7. Medical Management of OSA

Medical management (non-dental treatments) of OSA in children involves adenotonsillectomy as the first line of treatment. Early systematic reviews suggested that adenotonsillectomy resulted in the normalization of polysomnographic findings in 79% of the children in the Childhood Adenotonsillectomy Trial (CHAT) study [60]. The CHAT study also showed that in children with mild OSA, 46% of the sleep studies normalized in seven months with watchful waiting. However, the study did not show significant improvement in attention or executive function as measured by neuropsychological testing. So, the option to either have the surgery done or perform ‘watchful waiting’ still exists depending on the provider’s preference. Orthodontic treatment was not mentioned in the paper and maxillary development may need to be considered. In this context, the treatment approach for mild OSA is now fraught with debate as to what is considered optimal treatment.
Inflammation is reported to be present in the adenotonsillar tissues and upper airways in children with obstructive sleep apnea [61]. Medical management of mild sleep disordered breathing can include administration of targeted anti-inflammatory therapy. Several studies have used intranasal steroids and leukotriene receptor antagonists to treat mild OSA over the past 15 years [62]. CPAP or continuous positive airway pressure therapy has also been used to treat OSA in children and has been linked to improved sleep quality and neurocognitive outcomes. The compliance rates reported in the literature for PAP therapy for OSA are variable and can range from 30% to 85% [63,64,65]. The long-term impact on the craniofacial skeleton is a concern. Weight loss is recommended for obese children as adenotonsillectomy alone is less likely to result in a complete cure in obese children.
Given the reported sequelae linked to OSA in various physical domains, it stands to reason that early identification and treatment are imperative to prevent morbidity and potentially mortality linked to OSA. OSA should be treated as early as possible to reduce behavioral issues in children [66]. In a large population based study, early life SDB symptoms had strong effects on subsequent behavior in childhood [67]. Potentially mitigating this trajectory with collaboration between medicine and dentistry is promising.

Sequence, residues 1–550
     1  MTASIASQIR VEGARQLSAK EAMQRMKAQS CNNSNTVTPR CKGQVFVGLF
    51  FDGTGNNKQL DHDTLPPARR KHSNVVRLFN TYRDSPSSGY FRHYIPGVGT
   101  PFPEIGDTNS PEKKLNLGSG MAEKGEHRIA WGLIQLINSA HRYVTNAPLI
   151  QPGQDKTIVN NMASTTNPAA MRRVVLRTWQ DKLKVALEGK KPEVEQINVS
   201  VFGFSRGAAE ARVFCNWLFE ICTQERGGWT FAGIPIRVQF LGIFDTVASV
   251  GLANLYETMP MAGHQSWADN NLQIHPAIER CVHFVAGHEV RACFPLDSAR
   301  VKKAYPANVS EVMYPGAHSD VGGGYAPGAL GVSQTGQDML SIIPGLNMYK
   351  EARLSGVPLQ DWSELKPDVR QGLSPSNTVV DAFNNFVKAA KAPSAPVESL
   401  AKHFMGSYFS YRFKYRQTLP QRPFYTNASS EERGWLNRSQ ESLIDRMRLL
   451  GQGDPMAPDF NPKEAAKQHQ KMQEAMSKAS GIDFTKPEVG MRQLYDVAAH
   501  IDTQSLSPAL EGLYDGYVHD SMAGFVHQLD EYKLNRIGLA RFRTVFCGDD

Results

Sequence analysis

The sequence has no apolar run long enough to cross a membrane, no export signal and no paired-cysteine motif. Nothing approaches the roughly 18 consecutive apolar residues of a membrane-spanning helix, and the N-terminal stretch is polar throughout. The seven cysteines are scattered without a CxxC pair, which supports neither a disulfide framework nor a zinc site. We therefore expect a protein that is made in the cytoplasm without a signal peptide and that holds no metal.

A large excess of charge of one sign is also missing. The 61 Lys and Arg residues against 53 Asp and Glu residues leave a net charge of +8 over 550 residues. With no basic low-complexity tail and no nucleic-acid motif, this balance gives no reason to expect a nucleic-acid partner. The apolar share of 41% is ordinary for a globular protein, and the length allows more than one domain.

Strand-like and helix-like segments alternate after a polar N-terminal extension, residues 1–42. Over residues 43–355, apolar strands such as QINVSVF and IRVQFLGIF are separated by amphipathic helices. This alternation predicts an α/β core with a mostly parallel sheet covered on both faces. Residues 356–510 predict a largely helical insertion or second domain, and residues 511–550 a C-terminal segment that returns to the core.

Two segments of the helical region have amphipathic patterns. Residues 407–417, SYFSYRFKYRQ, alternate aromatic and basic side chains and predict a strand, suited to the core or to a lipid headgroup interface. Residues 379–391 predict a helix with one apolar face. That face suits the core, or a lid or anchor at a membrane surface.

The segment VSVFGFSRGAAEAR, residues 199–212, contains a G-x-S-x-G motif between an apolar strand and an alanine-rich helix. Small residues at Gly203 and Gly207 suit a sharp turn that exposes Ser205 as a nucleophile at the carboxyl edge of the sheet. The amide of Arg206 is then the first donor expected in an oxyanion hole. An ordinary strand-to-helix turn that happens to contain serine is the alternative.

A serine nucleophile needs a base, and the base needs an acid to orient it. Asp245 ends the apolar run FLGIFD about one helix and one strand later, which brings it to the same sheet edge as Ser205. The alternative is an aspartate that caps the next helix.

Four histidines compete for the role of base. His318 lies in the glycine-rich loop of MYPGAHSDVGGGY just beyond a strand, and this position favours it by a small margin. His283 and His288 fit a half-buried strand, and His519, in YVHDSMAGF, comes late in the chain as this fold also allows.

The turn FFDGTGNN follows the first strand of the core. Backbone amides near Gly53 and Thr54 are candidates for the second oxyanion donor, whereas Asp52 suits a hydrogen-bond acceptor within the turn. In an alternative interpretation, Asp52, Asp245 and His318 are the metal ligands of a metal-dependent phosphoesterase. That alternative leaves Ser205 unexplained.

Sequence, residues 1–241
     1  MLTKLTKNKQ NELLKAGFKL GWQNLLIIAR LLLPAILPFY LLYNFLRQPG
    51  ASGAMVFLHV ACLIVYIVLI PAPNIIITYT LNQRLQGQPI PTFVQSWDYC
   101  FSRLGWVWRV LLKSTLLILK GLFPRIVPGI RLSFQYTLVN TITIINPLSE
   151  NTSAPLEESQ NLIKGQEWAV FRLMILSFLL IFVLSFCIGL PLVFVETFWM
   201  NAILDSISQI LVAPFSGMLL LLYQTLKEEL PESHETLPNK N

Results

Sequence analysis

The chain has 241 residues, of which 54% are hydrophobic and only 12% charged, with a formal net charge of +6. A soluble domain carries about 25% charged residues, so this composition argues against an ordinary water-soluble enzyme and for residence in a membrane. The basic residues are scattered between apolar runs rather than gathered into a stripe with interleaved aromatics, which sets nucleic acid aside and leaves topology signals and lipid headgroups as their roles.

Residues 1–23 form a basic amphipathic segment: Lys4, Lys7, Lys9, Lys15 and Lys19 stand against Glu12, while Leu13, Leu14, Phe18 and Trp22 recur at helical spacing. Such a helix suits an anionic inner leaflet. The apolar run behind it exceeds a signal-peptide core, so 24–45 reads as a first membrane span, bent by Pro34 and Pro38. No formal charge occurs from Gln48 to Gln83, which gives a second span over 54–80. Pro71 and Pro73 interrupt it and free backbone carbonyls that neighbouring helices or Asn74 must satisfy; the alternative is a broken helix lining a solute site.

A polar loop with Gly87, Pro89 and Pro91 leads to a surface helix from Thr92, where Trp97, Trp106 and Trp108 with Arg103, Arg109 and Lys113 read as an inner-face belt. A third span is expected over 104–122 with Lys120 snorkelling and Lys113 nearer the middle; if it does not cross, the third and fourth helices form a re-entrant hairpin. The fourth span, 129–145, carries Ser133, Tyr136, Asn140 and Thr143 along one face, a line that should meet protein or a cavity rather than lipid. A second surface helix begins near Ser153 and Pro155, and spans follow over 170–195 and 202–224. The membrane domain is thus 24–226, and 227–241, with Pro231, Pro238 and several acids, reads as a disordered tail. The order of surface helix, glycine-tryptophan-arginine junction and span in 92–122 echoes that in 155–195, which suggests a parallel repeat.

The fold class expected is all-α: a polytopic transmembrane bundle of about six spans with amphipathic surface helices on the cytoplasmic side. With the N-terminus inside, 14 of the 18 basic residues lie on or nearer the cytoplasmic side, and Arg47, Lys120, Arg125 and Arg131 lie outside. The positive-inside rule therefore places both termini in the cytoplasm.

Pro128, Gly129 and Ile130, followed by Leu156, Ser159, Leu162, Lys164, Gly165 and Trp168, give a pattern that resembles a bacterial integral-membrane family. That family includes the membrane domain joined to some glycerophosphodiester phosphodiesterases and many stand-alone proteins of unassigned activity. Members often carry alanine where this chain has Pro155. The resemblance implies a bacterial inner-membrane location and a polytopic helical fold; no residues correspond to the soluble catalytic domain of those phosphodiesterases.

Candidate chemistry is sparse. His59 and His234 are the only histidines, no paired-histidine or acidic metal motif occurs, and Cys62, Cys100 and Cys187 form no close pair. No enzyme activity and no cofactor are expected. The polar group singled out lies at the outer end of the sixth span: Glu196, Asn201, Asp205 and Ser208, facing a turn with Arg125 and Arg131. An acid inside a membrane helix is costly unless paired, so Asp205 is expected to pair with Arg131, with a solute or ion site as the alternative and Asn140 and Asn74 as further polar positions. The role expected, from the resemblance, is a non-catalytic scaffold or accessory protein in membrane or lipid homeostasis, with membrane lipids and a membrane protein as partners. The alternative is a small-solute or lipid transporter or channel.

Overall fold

8. Dental Treatments

Dental treatments for OSA include many forms of dental devices or oral appliance therapy (OAT). These include growth modifiers of the maxillary region and/or mandibular region, mandibular advancement appliances (M.A.D.), tongue retaining devices, and myofunctional appliances. Some of these devices help make room for teeth using tooth mechanics involving inflammation, while other devices, such as a M.A.D., simply work by holding the lower jaw forward [68]. Characteristic facies of children with OSA often include maxillary constriction, high arched palate, narrow maxillary arch width (with accompanying distalization of the mandible and its soft tissues toward the airway), and maxillary crowding, as well as midfacial hypoplasia, as discussed previously. There are limited studies on the use of dental devices in children, however, novel treatments to prevent braces in dentistry, such as early interceptive treatment to help optimize jaw growth and craniofacial development, are increasing. The premise is to assist the growth of the upper jaw and optimize the position of the lower jaw. The intercuspation of the teeth provides the stimulation of the gnathological biofeedback system [20]. This allows the tongue to have enough space to function optimally and the teeth to come together comfortably into class 1 occlusion. This may reduce accommodation and the need for inflammatory intervention (surgery, pain) ultimately permitting better anatomy for sleep optimization.

8.1. A. Rapid MaxillaryExpansion or Rapid Palatal Expansion

Rapid maxillary expansion (RME) or Rapid palatal expansion (RPE) is an orthodontic procedure that uses a fixed or a removable appliance that widens the two halves of the maxilla at the mid-palatal suture line in children with maxillary arch constriction. The expansion screw is progressively adjusted to open the palatal suture. Osteiods develop at the borders of the palate, which results in an increase in the transverse width of the airway. The expected result will increase in oropharyngeal volume and intranasal diameter and decrease nasal resistance, by improving laminar airflow in the nose, which will help in the treatment of OSA. This procedure is used in children when the palatal suture is still open, until around the age of 12 yrs. However, it is accompanied by a loss of anterior-posterior dimension [69]. This would cause the distalization of the mandible moving the tongue back into the airway. Another caveat is that there must be teeth for the expander to anchor to so very young children would not be able to be treated with this. The data on the age of the patient that can be treated using this dental device is limited to children over 4 yrs.
The use of RME in children has shown favorable results, especially in the treatment of residual OSA post T&A for patients with narrowed upper palate [70]. A meta-analysis in 2017 by Guilleminault has shown that RME is effective in substantially reducing the AHI and improving oxygen saturation in children (7.6 ± 2 years old) with OSA and high arch and/or narrow hard palates, especially in the short term (<3 years) follow-up. The improvement was seen more in children with previous adenotonsillectomy or small tonsils than in children with large tonsils [70].